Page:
Compliance News | August 3, 2021

Treasury and IRS Release More COBRA Subsidy Guidance

On July 26, 2021, the Treasury Department and the IRS released more guidance on the temporary six-month COBRA subsidy. This guidance clarifies certain issues not addressed in earlier guidance, including what entity is entitled to claim the premium subsidy in specific situations.

Couple Reading Document On Laptop

Background

The American Rescue Plan Act of 2021 (ARP Act) includes a temporary six-month COBRA subsidy when group health plan coverage is lost due to reduction in hours or an involuntary termination. The subsidy first became available on April 1, 2021.

The subsidy will generally end on September 30, 2021. However, it will end earlier for individuals who become eligible for other group coverage or Medicare, or whose maximum period of COBRA coverage ends before September 30.

We discussed the ARP Act’s COBRA subsidy in our March 11, 2021 insight. We summarized the first round of Treasury/IRS guidance in our May 20, 2021 insight.

The latest guidance

The latest guidance, Notice 2021-46, is in the form of 11 questions and answers. This insight provides an overview that highlights significant issues addressed in the notice:

  • Eligibility during extended coverage periods (beyond 18 months)
  • Eligibility for other group health coverage
  • Entities that are entitled to claim the premium subsidy in specific situations

Eligibility during extended coverage periods

COBRA premium assistance is available to an individual who is eligible for COBRA for an extended period (beyond 18 months), if the extended period falls between April 1, 2021 and September 30, 2021, and is due to:

  • A disability determination
  • A second qualifying event (such as divorce)
  • An extension required under a state mini-COBRA law

This is the case even if the individual is not enrolled in COBRA as of April 1, 2021 (as the earlier Treasury/IRS notice seemed to imply). This is also the case if the individual did not notify the plan of the right to the extension prior to April 1, 2021, as long as the individual still has the right to notify the plan of eligibility for the extension. Because many notification deadlines have been extend for a year under the Emergency Relief Notices issued by the DOL, many individuals may still have time to provide that notification.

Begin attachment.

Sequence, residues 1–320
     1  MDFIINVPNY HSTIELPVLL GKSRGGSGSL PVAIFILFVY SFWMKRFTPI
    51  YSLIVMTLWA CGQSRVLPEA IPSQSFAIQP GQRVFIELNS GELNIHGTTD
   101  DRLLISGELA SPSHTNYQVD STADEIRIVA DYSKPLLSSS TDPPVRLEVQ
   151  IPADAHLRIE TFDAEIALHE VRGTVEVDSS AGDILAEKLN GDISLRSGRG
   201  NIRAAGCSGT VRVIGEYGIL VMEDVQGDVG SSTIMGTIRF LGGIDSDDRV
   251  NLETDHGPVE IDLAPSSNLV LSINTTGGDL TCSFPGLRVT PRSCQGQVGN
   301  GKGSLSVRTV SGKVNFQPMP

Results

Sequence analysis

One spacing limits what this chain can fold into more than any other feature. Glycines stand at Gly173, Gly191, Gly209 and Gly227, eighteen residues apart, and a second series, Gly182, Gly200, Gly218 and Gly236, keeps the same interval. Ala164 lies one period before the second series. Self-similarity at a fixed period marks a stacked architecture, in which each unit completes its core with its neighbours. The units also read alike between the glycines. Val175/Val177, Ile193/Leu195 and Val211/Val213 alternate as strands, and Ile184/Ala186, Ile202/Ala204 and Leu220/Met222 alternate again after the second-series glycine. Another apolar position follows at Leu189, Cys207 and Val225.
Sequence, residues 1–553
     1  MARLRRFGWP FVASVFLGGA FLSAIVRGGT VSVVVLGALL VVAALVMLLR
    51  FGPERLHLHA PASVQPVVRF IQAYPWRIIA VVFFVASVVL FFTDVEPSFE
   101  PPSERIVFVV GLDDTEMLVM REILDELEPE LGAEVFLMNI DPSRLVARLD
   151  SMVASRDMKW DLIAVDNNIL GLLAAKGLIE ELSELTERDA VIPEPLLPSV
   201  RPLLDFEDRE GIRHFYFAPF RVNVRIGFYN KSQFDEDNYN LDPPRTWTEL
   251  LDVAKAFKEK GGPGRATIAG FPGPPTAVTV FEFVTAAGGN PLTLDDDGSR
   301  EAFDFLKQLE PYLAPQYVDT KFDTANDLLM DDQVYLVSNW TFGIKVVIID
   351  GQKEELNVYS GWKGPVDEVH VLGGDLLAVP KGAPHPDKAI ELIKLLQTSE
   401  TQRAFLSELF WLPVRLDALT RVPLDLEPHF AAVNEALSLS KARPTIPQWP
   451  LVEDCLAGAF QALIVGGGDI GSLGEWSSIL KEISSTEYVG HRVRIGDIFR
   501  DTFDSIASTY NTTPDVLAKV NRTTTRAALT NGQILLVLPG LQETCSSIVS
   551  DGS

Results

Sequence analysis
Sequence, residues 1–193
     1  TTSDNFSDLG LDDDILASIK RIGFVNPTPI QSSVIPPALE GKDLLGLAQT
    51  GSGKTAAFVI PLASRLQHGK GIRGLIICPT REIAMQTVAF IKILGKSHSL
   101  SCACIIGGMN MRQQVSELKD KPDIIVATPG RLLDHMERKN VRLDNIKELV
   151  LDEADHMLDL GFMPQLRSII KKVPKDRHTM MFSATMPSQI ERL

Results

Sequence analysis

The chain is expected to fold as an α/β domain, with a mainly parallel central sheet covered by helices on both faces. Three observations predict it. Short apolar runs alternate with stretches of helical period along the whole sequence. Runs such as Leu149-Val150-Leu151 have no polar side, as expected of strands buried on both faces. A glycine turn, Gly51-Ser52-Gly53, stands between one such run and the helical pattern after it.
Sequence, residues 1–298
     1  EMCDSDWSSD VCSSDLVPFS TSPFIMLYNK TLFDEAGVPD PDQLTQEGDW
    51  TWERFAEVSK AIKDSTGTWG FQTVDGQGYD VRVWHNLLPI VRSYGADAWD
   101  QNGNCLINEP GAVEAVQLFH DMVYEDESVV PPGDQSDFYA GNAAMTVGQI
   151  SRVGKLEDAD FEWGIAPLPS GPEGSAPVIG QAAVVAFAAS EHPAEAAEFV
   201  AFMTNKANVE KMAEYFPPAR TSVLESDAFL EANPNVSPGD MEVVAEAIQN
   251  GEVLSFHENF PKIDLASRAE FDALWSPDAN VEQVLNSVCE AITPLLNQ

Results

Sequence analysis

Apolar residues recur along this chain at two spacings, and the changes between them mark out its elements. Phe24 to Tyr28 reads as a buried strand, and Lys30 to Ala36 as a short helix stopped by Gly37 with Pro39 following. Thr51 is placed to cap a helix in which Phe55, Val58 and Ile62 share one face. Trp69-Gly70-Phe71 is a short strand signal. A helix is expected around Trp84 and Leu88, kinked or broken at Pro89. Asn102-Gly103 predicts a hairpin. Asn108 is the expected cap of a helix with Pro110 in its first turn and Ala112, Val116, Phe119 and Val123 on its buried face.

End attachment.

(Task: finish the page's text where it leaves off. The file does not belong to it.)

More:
Eligibility for other group health coverage

Individuals are not eligible for the COBRA subsidy if they are (or become) eligible for other group health coverage or Medicare. The notice clarifies that an individual cannot receive the COBRA subsidy for dental-only or vision-only coverage if the individual is eligible for medical coverage, even if that medical coverage does not include dental or vision benefits, or is eligible for Medicare, which generally does not include dental or vision coverage.

On the other hand, eligibility for excepted benefits only, such as stand-alone dental or vision coverage, would not terminate eligibility for the COBRA subsidy for medical coverage.

Entities that are entitled to claim the tax credit

The COBRA subsidy is obtained through a payroll tax credit. The notice clarifies which entity is entitled to claim the payroll tax credit in certain situations.